Own More: 19 Voices and Five Books for Middle Grade Readers

By Jeff B. RSS Mon, May 24, 2021

We're sharing with you another batch of #ownvoices titles by diverse authors writing from their own experience!

Like our previous post, all of these titles can be found in multiple formats through our catalog.
 

Ancestor Approved: Intertribal Stories for Kids edited by Cynthia Leitich Smith (Indigenous North American)
Sixteen short stories and two poems present Indigenous youth attending a two-day intertribal powwow reflecting on kinship and community. Each piece shares the personal struggles, family joy, belief systems, and stunning regalia of various nations, including the Cree, Ojibwe, Choctaw, Cherokee, Navajo, Abenaki, and Haudenosaunee, through the eyes of the young protagonists. A thoughtful and sometimes funny celebration, for experienced powwow-goers and those new to the experience, who will enjoy the welcoming warmth of the festivities.

 

The Ship We Built by Lexie Bean (LGBTQIA+, Transgender)
[Trigger Warning: implied abuse and incest]
10-year-old Rowan, a transgender boy, sends letters via balloon, hoping someone out there will read them. It's 1997 and Rowan is starting fifth grade. He knows he's a boy, but no one else understands. He's sorry for being weird. The author sensitively, without an ounce of condescension, captures the struggle of being a child who just can't fit in and doesn’t understand why. Over the course of the school year, Rowan, and his new best friend Sofie, struggle to make sense of what is right and wrong, good and bad, in their working-class world. While the book tackles big issues, primarily addressing being trans and queer and surviving incest, as well as touching on parental incarceration, anyone who has ever been a sad or confused child will be able to see a little bit of themselves in Rowan and Sofie. A remarkable, affecting novel.

 

The Blue Wings by Jef Aerts (Neuro-diverse)
An offbeat novel tenderly depicting the bond between 11-year-old Josh and 16-year-old Jadran, brothers who are so close they fall asleep matching the rhythm of their breaths. Affectionately called "Giant" by Josh and the siblings' single mother, physically large Jadran has an unnamed cognitive condition, and Josh has always proudly served as his "guardian angel." After an accident where Jadran causes Josh serious injuries, The Space—Jadran’s specialized school—offers Jadran residency because it is "better for everyone." Rebelling against the separation, and under the guise of returning a recently rescued baby crane to his now-faraway flock, the boys make a madcap escape via tractor, wheelchair, and crane in tow. The brothers' love and loyalty, as well as their newly blended family's growing union, gives the story a strong emotional foundation.

 

What If A Fish by Anika Fajardo (Colombian-American)
It is the summer before sixth grade, and Eddie Aguado's life is taking several unexpected turns. Eddie's best friend has moved away and he's looking forward to the arrival of his older half-brother from Colombia. His Colombian father died when he was little and he hardly remembers him now, but he has his dad's black hair and brown eyes (his mom is white), and his skin is "the color of coffee ice cream." Because of his looks, he's asked where he's from, and he wonders if he can be Colombian if he doesn't speak Spanish. Summer suddenly changes when Big Eddie announces he's not coming because his Abuela is very sick and asks if Little Eddie can come to Cartagena instead. Though she's not his Abuela, she would like to meet him. It is this month-long stay in a new environment, culture, and language followed by his subsequent return to Minnesota that helps Eddie come to an understanding of family, friendship, and identity. All this through Eddie's perceptive present-tense narration, which is both poetic and believable, this book will have readers rooting for its sweet and smart protagonist.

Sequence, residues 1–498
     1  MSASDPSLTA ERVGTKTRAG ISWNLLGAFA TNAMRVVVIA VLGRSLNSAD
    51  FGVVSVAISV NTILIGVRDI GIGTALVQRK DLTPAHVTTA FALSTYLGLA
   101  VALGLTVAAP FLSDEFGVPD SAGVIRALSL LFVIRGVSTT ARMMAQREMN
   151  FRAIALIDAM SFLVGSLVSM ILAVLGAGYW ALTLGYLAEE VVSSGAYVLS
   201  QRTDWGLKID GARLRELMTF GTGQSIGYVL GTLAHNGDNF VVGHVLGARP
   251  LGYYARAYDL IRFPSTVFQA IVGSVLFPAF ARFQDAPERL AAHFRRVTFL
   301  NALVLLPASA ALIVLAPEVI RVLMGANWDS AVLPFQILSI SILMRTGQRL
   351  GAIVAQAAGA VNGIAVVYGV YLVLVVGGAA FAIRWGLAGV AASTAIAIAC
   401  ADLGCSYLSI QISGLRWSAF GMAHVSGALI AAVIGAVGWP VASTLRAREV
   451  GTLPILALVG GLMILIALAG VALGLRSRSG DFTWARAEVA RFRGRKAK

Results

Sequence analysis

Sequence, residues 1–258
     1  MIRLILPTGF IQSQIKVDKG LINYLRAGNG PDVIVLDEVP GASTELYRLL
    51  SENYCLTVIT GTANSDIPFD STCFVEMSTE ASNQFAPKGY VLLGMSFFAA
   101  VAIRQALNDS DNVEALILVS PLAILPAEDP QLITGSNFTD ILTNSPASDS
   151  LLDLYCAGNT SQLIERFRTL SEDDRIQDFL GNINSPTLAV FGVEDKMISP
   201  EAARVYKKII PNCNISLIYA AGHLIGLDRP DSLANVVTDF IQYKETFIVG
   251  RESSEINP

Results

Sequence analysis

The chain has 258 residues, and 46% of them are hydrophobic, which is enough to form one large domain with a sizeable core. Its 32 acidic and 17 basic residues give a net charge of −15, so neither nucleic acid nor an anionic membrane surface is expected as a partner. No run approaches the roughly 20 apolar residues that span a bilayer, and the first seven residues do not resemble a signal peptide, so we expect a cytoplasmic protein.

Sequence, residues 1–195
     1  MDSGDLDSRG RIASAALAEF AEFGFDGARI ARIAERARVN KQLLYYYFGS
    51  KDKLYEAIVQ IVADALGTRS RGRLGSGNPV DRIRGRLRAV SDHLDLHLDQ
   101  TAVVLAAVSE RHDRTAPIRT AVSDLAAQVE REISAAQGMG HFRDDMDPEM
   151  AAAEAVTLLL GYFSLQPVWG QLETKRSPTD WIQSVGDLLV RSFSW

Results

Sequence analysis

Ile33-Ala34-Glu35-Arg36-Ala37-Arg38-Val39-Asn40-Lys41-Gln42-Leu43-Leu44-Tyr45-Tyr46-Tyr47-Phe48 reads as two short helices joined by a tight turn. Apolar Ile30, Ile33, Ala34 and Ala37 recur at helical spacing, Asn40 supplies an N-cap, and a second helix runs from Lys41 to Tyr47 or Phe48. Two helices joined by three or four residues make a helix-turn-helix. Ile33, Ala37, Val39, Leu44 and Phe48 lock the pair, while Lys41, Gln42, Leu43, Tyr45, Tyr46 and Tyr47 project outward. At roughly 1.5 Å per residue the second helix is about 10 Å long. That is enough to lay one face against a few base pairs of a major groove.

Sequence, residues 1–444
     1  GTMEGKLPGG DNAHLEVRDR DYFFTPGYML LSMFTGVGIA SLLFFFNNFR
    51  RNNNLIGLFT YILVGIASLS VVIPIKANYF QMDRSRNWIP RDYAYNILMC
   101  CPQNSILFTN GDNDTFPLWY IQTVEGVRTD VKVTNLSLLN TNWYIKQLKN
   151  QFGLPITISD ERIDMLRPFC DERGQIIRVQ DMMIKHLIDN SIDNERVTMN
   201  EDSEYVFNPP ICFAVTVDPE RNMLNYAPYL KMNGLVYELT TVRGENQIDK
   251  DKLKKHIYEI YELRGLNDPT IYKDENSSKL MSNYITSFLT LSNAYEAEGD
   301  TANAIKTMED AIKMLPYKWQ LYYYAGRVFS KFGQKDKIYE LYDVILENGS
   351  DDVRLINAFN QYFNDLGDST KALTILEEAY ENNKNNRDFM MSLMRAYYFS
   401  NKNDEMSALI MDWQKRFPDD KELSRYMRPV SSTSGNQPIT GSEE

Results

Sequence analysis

Everything Sad Is Untrue (A True Story) by Daniel Nayeri (Iranian-American)
A mostly true story of Khosrou, who becomes Daniel, and the two lives he has lived in just 11 years. First, there's his life back in Iran, then there's his life now, in Oklahoma. In the voice of his younger self, Nayeri casts himself as Scheherazade, with readers as his king; we hold his life in our hands. Should we believe his tales? His classmates in Oklahoma don't. No one believes that the smelly kid who is too poor to pay for lunch in the cafeteria once lived in a beautiful house and dined with the prince of Abu Dhabi. Even Nayeri admits his memory is shaky. Was that really the prince of Abu Dhabi? It's hard to know when you're a kid who's just escaped a religious death squad by fleeing to a foreign country. Nayeri is a gifted writer whose tales of family, injustice, tragedy, faith, and history fit together to create an experience where reacting with indifference is simply not possible. A deeply personal book that makes a compelling case for empathy and hope.

 

Stay tuned for more examples from this rich and growing collection. What other titles by diverse authors have you discovered recently? Let us know in the comments!


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